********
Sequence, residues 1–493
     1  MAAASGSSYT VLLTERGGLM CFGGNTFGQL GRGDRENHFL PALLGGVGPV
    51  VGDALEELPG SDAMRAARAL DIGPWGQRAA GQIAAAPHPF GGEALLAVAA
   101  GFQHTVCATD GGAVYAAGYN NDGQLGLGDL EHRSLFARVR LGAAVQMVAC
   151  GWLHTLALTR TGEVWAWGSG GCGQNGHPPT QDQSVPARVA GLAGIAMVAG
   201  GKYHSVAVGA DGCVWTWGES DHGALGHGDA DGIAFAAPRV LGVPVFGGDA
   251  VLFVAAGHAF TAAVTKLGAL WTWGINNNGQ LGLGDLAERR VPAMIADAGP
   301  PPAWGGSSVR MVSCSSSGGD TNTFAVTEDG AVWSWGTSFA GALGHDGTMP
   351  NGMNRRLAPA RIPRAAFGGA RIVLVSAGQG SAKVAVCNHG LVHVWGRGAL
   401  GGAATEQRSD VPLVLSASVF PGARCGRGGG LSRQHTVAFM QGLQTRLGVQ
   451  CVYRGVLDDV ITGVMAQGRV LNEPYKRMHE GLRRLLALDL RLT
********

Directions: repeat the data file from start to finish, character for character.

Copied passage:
Sequence, residues 1–493
     1  MAAASGSSYT VLLTERGGLM CFGGNTFGQL GRGDRENHFL PALLGGVGPV
    51  VGDALEELPG SDAMRAARAL DIGPWGQRAA GQIAAAPHPF GGEALLAVAA
   101  GFQHTVCATD GGAVYAAGYN NDGQLGLGDL EHRSLFARVR LGAAVQMVAC
   151  GWLHTLALTR TGEVWAWGSG GCGQNGHPPT QDQSVPARVA GLAGIAMVAG
   201  GKYHSVAVGA DGCVWTWGES DHGALGHGDA DGIAFAAPRV LGVPVFGGDA
   251  VLFVAAGHAF TAAVTKLGAL WTWGINNNGQ LGLGDLAERR VPAMIADAGP
   301  PPAWGGSSVR MVSCSSSGGD TNTFAVTEDG AVWSWGTSFA GALGHDGTMP
   351  NGMNRRLAPA RIPRAAFGGA RIVLVSAGQG SAKVAVCNHG LVHVWGRGAL
   401  GGAATEQRSD VPLVLSASVF PGARCGRGGG LSRQHTVAFM QGLQTRLGVQ
   451  CVYRGVLDDV ITGVMAQGRV LNEPYKRMHE GLRRLLALDL RLT